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Opinions of Monday, 13 September 2010

Columnist: Acheampong, Steve Y.

Opening of Bagre Dam Spillway

– For How Long Should This Annual Killing Ritual and

Property Destruction Continue?

Steve Y. Acheampong, Ph.D.

Over the past several years it has become an annual ritual by our northern neighbors

in Burkina Faso to release water from the Bagre Dam which causes flooding in parts

of northern Ghana and kills a number of unsuspecting persons and destroys property.

As at the time of writing, it has been reported that the death toll for this year is

up to seventeen (Ghanaweb, September 11, 2010) and damages to property have not as

yet been quantified. This annual occurrence makes me wonder if there is any

regional or bilateral framework for the management of the water resources of the

Volta River among the Volta River basin states.

Currently it appears that Burkina Faso operates and manages its dams on the Volta

River without any regard to the needs and safety of their Ghanaian counterparts

downstream. If this continues, it is bound to create fear and unnecessary tensions

among the border communities. Rather than waiting till the rainy season before

releasing water from the dam, Ghana and Burkina Faso can reach an agreement whereby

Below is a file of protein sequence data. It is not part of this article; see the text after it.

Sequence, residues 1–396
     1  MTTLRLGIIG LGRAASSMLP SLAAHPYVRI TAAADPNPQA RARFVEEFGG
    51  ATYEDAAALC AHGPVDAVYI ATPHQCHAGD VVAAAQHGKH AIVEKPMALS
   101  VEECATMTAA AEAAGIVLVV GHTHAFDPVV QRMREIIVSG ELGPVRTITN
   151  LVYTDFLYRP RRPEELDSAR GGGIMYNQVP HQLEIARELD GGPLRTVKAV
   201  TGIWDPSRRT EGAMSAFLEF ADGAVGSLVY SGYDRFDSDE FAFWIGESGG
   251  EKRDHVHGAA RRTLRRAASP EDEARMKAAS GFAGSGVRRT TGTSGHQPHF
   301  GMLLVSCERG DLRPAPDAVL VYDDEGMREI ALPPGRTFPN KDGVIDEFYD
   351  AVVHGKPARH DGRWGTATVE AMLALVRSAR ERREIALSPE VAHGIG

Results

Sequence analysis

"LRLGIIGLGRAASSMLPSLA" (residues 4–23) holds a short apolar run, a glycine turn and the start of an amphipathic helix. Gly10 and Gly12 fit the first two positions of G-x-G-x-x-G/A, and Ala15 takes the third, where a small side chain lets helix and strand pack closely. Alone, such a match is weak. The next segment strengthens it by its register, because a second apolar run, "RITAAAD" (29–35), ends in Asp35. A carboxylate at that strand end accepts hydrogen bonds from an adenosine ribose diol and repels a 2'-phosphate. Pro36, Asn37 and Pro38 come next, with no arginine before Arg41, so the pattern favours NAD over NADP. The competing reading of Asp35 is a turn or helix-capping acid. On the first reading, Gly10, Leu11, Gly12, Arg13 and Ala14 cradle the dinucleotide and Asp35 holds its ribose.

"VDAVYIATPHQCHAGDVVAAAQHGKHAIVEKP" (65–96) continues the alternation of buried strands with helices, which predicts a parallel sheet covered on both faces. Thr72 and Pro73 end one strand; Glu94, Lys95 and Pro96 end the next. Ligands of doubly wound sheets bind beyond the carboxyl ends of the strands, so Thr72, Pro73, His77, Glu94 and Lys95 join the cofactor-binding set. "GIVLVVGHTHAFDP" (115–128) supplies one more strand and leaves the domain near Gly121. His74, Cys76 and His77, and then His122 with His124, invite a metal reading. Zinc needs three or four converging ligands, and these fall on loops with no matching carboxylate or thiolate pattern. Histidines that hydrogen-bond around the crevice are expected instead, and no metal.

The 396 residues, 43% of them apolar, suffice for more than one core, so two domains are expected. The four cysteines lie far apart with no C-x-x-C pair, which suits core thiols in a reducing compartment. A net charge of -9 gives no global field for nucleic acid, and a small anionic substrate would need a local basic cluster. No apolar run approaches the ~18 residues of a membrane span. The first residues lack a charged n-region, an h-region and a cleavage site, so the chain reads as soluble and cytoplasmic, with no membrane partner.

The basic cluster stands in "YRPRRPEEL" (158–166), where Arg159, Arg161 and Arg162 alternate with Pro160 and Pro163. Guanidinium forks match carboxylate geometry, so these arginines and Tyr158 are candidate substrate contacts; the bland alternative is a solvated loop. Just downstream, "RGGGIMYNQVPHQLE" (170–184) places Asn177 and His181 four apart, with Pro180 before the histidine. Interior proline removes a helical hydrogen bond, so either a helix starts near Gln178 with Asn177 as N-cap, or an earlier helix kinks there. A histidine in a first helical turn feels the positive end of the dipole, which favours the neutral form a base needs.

water can be released in various manageable quantities from the dam at various times

throughout the year to minimize the excessive one time release and flooding during

the rainy season. Such releases can be guided by the established minimum and

maximum operating levels of the dams. The two countries can reach an agreement on

the general principles instead of detailed prescriptions to guide them in matters

and operations that could affect the natural water levels or flows across the

boundary to an extent that could cause injury to health or property in either

country. Such principles should provide clear guidance that can stand the test of

time. It is believed that both countries have compiled water resources data on the

Volta River that can be used to define the status and trends of water resources

availability through time to support any regional and national management actions.

Agreements on transboundary water bodies among various nations are quite common and

this will come in handy if and when the proposed Bui Dam is completed and comes into

operation. As population growth and global climate change put stresses on natural

resources, reliable structures for transboundary and regional cooperation is

becoming more important than ever so the two countries in particular, and all the

Volta River Basin states in general, should come out with some agreements on the

utilization and management of the Volta River in order to preserve life, property,

and the ecosystem.

An alternative approach to curtail the annual flooding and destruction resulting

from the releases from the dam is that the Ghana government should construct some

reservoirs on the river at some strategic locations to receive the excess water

during such times. If such water is managed well, it could be used for farming,

drinking or recreational purposes during the year. The Water Resources Commission,

the Ministry of Agriculture, and the Ministry for Water, Works and Housing should

come out with a plan to curb this annual occurrence that takes the lives of innocent

people and causes immeasurable property loss and wanton destruction of the

ecosystem. One death is one too many.

Steve Y. Acheampong, Ph.D.